3. He bought his gun legally from a FFL. What do you think, Anthony? Do we have a problem with the people to whom we sell guns? If his name was not on the prohibited purchaser list, why not? Can you prohibit a military person from buying a gun? It seems to me the NRA has something to do with that as well. They were against even placing the names of "comatose" military and veterans on the prohibited purchasers list. We can thank the NRA for the loose way in which we sell guns in this country.

    4. Odd the NICS does bar dishonorable discharges. Unless the firearm was purchased before the discharge. He then would have been breaking the law from the moment he was discharged. That seems not to be Law abiding to me. If it turns out that he did pass the NICS check (and in fact was dishonorably discharged) and he was not denied then I would agree we need to address that!

      NICS List of people bared from purchase


    5. My understanding is that it was a "other than Honorable discharge" not a Dishonorable Discharge.

      "Page was demoted in June 1998 for getting drunk while on duty and going AWOL, two defense officials said, speaking on condition of anonymity because they were not authorized to release information about the gunman."


      Had his discharge been dishonorable he would have been blocked from buying a gun through an FFL.

    6. He was at least demoted. I have not heard for sure that he was dishonorably discharged. Yes, indeed, there are many issues that need to be fixed with our gun policy to stop these things from happening. Will you stand in the way or will you fight the fixes?

    7. If you come up with something that will demonstrably work and will not do more harm than good I might support it. Nothing you have proposed yet meets that criteria. None of us want to have more people shot but neither do we want to give up our right just to make you feel good.

    8. First of all Robin, this is not about me and what will make ME feel good. This is about saving lives. Secondly nothing that has been proposed will take away your rights unless you are a felon or domestic abuser or dangerously mentally I'll.

  2. It's time to realize that the commonsense approach would be to ban ownership of guns by the American public. As long as one person is shot, that's one gun, one bullet too many. Reducing gun violence in our country is not enough any more. Not after another mass murder, with many more undoubtedly to come. Gun violence needs to -- and can -- be eliminated. We have the technology and the knowledge. We just need the will. Who cares about the NRA? The last time I checked, there are more voters that are not NRA members than who are, and that's how our elections are won or lost.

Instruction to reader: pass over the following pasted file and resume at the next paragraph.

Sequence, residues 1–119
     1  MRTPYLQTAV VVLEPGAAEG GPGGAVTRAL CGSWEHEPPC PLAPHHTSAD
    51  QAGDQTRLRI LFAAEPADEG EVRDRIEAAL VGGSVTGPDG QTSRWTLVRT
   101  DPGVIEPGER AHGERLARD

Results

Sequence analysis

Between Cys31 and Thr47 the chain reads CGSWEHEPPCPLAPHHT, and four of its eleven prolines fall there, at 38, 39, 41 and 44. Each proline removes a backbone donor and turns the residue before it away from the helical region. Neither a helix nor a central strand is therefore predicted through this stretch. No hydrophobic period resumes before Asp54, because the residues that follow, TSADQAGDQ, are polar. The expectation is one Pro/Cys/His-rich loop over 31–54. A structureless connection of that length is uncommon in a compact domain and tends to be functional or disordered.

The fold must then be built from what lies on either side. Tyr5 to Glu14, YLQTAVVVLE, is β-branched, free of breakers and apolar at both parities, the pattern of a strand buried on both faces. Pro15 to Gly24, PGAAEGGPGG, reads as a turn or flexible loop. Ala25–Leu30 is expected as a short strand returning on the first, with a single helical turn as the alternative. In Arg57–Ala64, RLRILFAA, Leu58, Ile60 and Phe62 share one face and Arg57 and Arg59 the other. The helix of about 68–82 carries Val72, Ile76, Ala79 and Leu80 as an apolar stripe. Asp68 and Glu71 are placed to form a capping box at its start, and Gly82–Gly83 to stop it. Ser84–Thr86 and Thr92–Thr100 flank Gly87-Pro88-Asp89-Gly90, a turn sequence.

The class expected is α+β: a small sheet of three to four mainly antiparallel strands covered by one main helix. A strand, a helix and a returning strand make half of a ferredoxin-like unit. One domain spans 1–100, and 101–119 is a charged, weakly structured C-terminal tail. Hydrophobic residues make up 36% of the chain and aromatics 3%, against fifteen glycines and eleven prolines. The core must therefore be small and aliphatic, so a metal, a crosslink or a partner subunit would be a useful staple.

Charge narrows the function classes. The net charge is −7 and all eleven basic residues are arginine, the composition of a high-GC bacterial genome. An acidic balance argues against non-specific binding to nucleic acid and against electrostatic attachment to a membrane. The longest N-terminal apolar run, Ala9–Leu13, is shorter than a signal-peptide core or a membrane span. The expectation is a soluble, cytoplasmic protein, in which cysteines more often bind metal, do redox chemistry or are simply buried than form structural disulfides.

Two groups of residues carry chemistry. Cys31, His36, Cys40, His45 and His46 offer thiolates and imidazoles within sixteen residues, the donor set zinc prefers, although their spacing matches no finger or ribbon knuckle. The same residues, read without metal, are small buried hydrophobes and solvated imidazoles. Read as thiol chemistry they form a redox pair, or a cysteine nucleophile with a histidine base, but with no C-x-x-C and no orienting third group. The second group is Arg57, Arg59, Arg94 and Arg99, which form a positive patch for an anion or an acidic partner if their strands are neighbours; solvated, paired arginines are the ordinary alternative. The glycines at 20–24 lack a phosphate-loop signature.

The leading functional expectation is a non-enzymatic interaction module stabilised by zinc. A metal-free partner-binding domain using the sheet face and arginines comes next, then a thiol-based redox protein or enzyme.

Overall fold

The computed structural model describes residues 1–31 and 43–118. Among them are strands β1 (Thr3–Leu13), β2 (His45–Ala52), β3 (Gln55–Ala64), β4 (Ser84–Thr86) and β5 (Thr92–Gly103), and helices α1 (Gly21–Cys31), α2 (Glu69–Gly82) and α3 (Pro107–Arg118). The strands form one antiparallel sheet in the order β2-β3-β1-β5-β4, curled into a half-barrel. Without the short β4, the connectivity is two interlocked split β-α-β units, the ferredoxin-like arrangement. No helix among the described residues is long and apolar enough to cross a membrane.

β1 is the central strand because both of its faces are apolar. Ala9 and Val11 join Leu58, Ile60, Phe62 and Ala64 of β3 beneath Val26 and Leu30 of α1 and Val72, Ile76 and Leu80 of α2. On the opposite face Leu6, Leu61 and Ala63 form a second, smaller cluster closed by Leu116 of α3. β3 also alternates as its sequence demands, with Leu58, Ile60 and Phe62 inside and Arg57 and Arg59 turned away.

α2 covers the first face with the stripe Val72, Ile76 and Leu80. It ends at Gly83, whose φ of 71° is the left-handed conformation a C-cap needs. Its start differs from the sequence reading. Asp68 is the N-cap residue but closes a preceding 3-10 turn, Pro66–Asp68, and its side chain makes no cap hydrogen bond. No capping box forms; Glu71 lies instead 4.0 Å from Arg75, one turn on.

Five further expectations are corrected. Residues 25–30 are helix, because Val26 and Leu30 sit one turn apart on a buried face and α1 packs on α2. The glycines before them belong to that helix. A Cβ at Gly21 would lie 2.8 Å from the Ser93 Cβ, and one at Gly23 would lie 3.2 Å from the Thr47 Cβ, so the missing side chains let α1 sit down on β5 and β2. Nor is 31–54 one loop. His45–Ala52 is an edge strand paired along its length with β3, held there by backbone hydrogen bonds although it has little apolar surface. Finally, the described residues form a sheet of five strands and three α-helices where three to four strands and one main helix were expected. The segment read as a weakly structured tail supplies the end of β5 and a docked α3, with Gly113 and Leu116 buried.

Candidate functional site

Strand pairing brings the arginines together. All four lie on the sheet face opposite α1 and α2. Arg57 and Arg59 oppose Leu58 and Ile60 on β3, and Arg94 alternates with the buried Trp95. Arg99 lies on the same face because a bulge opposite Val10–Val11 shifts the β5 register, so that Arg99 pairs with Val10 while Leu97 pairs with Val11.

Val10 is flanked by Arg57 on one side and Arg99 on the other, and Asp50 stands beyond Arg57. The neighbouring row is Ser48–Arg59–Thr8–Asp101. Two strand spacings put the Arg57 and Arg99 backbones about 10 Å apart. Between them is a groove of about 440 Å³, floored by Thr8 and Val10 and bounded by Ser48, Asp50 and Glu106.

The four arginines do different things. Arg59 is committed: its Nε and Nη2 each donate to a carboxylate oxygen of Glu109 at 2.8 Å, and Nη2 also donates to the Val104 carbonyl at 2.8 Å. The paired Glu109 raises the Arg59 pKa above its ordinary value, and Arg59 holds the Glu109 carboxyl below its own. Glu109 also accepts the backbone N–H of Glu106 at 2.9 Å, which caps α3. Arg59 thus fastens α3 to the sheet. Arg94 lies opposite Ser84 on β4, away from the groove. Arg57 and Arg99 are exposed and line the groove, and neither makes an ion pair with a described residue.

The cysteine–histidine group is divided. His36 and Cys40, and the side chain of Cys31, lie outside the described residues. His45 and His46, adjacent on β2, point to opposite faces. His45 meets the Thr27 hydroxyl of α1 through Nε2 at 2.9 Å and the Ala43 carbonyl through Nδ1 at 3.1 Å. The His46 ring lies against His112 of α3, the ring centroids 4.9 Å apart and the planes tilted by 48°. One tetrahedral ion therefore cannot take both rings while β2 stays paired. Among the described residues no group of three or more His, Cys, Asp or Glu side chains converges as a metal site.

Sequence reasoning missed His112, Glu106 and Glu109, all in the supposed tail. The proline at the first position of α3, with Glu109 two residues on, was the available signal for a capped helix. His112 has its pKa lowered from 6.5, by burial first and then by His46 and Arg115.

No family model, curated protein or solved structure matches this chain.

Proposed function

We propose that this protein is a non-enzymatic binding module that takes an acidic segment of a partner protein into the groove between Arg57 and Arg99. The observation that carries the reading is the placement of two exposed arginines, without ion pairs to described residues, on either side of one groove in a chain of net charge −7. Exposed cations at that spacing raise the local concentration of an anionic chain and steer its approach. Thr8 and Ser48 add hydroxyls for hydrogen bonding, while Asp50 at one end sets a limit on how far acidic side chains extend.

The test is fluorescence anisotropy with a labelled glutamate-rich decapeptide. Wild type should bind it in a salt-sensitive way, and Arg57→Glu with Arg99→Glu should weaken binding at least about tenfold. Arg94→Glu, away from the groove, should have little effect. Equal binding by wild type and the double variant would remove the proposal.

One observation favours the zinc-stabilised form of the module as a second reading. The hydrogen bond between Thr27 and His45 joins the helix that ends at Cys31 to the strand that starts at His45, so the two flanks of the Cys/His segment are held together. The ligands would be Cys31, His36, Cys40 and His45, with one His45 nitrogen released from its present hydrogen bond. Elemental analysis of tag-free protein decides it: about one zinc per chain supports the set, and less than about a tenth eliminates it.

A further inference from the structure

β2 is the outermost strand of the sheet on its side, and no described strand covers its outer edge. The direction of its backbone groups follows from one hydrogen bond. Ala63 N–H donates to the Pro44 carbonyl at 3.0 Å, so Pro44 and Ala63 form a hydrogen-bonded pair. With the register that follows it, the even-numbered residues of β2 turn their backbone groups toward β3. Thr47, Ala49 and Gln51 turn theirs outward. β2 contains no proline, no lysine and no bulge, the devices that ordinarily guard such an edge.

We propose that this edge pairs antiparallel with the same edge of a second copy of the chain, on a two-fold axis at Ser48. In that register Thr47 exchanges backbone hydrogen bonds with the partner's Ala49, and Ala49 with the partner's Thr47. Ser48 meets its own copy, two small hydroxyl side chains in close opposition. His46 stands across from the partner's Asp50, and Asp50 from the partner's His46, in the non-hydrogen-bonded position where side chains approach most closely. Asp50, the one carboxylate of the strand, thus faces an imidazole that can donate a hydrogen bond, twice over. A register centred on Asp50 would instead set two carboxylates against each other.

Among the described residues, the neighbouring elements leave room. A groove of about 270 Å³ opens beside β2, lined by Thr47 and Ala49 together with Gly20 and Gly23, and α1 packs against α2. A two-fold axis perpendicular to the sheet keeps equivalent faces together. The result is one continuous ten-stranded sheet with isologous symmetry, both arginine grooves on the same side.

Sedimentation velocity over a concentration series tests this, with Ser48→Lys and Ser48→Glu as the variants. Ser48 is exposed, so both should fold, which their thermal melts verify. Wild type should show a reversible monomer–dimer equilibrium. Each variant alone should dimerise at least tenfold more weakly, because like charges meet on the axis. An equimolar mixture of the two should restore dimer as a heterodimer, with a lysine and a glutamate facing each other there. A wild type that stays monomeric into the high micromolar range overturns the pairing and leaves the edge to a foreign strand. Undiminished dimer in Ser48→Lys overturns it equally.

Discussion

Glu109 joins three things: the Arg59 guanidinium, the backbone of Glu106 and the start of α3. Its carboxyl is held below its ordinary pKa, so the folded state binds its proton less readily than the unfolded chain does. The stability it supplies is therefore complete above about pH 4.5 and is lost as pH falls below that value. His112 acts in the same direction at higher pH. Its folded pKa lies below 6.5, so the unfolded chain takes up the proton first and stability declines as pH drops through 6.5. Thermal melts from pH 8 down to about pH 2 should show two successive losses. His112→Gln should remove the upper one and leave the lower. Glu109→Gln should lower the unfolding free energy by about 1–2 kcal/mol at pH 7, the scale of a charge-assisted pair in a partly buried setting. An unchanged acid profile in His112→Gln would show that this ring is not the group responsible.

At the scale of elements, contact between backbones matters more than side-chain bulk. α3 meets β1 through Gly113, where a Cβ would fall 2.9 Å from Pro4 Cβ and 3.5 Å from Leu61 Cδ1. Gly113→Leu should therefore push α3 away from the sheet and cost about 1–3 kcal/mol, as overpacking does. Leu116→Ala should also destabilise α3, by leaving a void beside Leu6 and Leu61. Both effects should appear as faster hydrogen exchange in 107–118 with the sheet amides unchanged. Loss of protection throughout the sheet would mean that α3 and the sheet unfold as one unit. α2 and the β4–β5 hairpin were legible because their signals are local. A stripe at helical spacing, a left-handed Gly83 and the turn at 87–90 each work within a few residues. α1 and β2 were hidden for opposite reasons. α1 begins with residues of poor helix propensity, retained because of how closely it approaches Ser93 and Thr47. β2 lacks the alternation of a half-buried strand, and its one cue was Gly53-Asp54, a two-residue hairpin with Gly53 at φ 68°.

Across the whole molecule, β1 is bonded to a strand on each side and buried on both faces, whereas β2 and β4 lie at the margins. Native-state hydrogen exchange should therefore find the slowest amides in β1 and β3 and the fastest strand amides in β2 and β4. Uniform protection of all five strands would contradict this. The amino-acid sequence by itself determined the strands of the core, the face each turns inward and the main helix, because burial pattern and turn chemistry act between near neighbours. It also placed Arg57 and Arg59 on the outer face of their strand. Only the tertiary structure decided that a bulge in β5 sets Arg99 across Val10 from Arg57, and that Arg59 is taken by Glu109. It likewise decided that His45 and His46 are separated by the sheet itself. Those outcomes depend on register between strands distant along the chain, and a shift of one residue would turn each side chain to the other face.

1. Gun violence can not be eliminated as long as guns exist. That's a simple, accurate statement. Private ownership is practically banned in Puerto Rico, yet gun violence persists at rates much higher than here in the US. In 2010, half of all new firearms in the US were imported, so even it were possible to destroy all 300 million domestic firearms and all firearm manufacturing facilities (and how likely is that given that our military and police still need firearms), there would still be imports to contend with that would most likely find their way into criminal organizations, much like cocaine. Guess what happened with the last constitutional amendment that tried to prohibit something?

      Yes, we have the technology, the knowledge, and the will to manufacture firearms illegally if they were banned, much like meth is manufactured illegally. I know mechanical engineers that have designed and manufactured gun parts using basic CAD and CNC tools. Guns are very easy to make.

      If you want less guns in society, then the solution is to make them culturally less attractive. It's the media and the entertainment industry that is constantly promoting guns to the masses, not the NRA.

    2. Yes, Migo. What's your point about Puerto Rico again? It is an official territory of the U.S. so perhaps it is just doing what the rest of America does. it has a lot of gun homicides. So I say let's just do nothing and let people keep shooting each other. Is that what you are suggesting? That is simply not an option. No other civilized country acts this way. But then no other civilized country has an NRA. And yes, it most certainly is the NRA. Our elected leaders won't even mention the word guns during elections because of the NRA and no one else. You are fooling yourself if you think otherwise. The entertainment industry is not the one lobbying Congress against reasonable gun laws. The NRA is. It's reassuring by the way to hear you talk about all the people who will just make guns. I know people who make guns and yet are in favor of reasonable gun laws. I am not suggesting a constitutional amendment. I am suggesting laws to stop at least some of the shootings and prevent at least some of the deaths. If you can't get on board with that, then I can't talk to you.